Doolin River Cave (St Catherines to Fisherstreet Pot)

29 June 2016

Posted by
Matt Ewles

Without a doubt the premium trip in County Clare and one of the finest river caves anywhere in the British Isles/Ireland.

Doolin River Cave is a splendid river passage which commences at St Catherine's on the outskirts of Doolin and ends a few miles away at Fisherstreet Pot, a pothole amongst a cluster of trees about 30m opposite the Irish Crafts gift centre in the centre of Doolin. Due to the distance, some car logistics were needed and we decided to drive all three cars to the farm where you park for St Catherine's entrance (where the lady was very kind in allowing us to park). The non-drivers were dropped off, and the three cars went down to rig Fisherstreet Pot. Two cars were left in Doolin next to the pothole and one car returned to the entrance with all drivers. All very complicated, and it meant that by the time the drivers had returned we had resorted to poor quality jokes to keep us entertained.

From the farmhouse, simply follow the track via a few gates towards the ruined nunnery. About 100m before the nunnery turn left off the track and into a fenced depression surrounded by large trees. In this unlikely looking location is the entrance to St Catherine's entrance to Doolin River Cave (the usual way in, I have never done Aran View Swallet which is the other way in). Overall the Selected Caves description is good, although the first section as far as the canal that it mentions seemed to bear little resemblance to the actual cave and is a little confusing. The entrance is an easy crawl (which was dry when we were there but may have a small stream). Simply follow your nose along the obvious passage for maybe 15 minutes. At the point where the canal is mentioned, this does indeed involve a (potentially hard to spot) letterbox down through well polished blocks into a fast flowing crawl in the stream for several metres.

As soon as the passage opens up, don't forget to climb up on the left into the fine well decorated grotto - we took some lovely photos here.

Back into the stream the cave is now just a matter of following the water downstream. Very soon some absolutely splendid very large dry passages are then reached and traversed through over blocks and then the stream is regained again after. This is followed downstream in absolutely stunning proportions. It is such a treat to be able to just walk easily down such an amazing stream passage. The OFD streamway in South Wales is probably the finest streamway in the UK, but that has many blocks, uneven floor and deep pools so it is a very sporting stream. The Doolin streamway is gently, cavernous and easy walking, and an absolute treat. You can imagine the pleasure UBSS must have had when they first explored this!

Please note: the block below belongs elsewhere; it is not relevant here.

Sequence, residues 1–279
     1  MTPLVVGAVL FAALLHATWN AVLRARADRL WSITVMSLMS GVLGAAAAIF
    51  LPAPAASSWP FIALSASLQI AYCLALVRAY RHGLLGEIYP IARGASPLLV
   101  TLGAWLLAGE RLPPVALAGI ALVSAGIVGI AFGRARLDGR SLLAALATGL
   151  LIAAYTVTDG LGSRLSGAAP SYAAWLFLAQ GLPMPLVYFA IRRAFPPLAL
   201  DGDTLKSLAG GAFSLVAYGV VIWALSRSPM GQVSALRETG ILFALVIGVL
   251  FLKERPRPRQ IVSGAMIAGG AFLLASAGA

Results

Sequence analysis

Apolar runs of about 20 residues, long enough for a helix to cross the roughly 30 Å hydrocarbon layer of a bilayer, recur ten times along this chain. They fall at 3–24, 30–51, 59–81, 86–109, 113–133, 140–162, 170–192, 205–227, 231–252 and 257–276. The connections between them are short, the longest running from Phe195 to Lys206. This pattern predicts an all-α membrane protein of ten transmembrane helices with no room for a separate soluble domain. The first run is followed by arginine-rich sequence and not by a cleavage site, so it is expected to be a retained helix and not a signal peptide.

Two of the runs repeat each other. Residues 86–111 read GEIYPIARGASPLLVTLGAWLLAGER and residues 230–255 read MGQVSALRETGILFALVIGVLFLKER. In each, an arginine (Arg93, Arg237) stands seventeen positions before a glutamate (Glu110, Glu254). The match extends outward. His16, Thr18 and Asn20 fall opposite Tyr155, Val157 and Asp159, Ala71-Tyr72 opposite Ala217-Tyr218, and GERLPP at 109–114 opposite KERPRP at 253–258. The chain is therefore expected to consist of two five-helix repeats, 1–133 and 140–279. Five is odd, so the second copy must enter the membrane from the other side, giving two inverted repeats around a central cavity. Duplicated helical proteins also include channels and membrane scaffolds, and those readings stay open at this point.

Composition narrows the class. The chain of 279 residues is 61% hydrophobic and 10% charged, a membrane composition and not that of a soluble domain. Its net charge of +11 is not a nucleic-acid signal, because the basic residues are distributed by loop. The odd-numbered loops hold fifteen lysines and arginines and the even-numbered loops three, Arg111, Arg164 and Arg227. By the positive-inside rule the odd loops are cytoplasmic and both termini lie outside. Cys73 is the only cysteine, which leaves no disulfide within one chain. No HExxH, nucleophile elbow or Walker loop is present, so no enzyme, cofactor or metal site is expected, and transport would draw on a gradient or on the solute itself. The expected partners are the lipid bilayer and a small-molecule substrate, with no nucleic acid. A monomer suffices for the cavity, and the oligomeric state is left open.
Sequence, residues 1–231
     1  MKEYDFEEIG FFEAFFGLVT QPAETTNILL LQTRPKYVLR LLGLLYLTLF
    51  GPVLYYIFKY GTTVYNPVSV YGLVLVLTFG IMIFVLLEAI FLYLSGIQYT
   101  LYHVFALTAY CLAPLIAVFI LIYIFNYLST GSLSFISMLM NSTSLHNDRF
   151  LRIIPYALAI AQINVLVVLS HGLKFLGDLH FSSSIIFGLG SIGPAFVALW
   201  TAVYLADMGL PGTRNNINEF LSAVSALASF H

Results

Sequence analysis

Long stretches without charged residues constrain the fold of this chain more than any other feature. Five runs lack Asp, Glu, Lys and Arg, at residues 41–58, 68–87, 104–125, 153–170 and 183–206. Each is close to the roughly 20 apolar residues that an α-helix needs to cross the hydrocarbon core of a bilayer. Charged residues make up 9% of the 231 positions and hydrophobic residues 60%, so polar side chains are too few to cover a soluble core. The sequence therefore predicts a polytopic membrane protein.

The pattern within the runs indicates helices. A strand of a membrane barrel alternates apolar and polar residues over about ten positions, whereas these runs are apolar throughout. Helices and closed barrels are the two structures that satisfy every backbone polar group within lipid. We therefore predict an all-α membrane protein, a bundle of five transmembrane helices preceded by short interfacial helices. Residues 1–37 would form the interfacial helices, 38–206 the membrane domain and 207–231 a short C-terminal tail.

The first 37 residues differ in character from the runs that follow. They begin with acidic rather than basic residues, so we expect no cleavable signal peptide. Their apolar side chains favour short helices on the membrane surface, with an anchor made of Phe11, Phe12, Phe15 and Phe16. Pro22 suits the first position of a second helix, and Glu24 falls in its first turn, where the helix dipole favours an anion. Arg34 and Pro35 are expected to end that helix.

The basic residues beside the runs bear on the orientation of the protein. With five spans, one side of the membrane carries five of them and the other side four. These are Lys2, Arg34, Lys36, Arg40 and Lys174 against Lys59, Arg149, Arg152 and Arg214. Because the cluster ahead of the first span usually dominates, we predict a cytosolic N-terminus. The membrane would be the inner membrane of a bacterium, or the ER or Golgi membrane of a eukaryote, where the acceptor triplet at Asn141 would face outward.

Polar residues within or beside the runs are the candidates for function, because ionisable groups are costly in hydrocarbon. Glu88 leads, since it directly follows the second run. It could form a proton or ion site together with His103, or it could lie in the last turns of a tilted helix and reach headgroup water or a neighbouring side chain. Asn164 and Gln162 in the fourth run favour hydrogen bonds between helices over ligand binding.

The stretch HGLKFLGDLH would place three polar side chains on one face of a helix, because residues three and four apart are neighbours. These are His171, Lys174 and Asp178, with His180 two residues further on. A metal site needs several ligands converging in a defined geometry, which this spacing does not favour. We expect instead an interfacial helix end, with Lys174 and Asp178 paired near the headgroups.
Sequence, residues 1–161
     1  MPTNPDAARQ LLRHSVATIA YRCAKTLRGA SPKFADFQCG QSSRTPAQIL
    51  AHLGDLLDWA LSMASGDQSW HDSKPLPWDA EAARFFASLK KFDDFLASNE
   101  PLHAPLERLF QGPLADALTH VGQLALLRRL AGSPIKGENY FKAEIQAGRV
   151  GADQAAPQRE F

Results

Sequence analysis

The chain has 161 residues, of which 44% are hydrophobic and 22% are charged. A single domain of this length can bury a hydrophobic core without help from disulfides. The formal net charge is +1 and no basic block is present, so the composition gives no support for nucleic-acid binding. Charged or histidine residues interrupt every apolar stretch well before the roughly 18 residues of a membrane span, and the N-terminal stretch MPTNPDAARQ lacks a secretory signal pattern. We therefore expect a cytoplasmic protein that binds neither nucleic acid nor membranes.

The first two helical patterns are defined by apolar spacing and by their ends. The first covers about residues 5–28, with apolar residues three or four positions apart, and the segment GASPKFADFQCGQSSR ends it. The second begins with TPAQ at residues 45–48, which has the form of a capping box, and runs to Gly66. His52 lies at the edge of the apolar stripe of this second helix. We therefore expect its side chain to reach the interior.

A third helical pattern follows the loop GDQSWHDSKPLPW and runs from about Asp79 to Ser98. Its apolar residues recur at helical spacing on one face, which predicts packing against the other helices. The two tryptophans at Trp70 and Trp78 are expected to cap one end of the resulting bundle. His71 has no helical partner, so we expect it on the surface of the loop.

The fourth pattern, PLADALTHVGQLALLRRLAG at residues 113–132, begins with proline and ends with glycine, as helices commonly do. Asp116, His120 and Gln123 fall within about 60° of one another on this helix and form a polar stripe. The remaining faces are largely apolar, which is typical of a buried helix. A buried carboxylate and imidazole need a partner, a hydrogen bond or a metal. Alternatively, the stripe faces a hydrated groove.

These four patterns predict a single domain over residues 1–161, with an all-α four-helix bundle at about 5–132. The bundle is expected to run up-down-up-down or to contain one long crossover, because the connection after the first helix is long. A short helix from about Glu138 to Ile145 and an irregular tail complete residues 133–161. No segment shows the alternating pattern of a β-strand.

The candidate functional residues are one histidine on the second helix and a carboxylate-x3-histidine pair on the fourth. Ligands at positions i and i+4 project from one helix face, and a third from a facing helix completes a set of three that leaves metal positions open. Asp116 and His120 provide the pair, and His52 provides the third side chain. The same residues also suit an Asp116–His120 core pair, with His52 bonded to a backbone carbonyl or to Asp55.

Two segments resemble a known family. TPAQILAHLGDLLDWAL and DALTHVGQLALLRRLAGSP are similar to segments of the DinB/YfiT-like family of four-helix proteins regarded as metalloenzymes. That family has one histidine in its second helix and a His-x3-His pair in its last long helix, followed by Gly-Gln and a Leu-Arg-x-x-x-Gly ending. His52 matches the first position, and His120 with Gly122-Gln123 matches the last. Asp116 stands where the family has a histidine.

From here the Selected Caves description is good, and the streamway is followed all the way to Fisherstreet Pot (takes about 1-2 hours depending on your groups pace) except for a few dry oxbow bypasses to low sections.

In the final sections, some low stooping relents briefly to walking before returning to stooping and then the water deepens to waist deep. Shortly after this it becomes a crawl in a 1m high passage in 40-50cm deep water for 20m before popping up into daylight at the bottom of Fisherstreet Pot, with a 8m ladder ascent to the surface where a huge quantity of cow poo awaits.

The bemusement of the tourists at the Irish craft centre was plain to see, as 11 very wet and bedraggled cavers emerged from the innocent looking 10m diameter cluster of trees in the middle of the field. The tourists were then treated to a strip show as the drivers had seemingly parked our cars literally in front of the main door of the building with dozens of tour buses and tourists passing by every minute.

An absolutely magical trip, all very easy caving, but truly remarkable.

This is clearly not a cave to do if heavy rain is expected as shown by the high scum levels from earlier in the week, however, it had been a moderately rainy evening the night before our trip and water levels were very low. Therefore I suspect this cave can cope well with gentle rain and slightly wet conditions in the summer months, but may flood badly if any prolonged heavy downpours hit (but would drain off equally quickly after the rain subsides).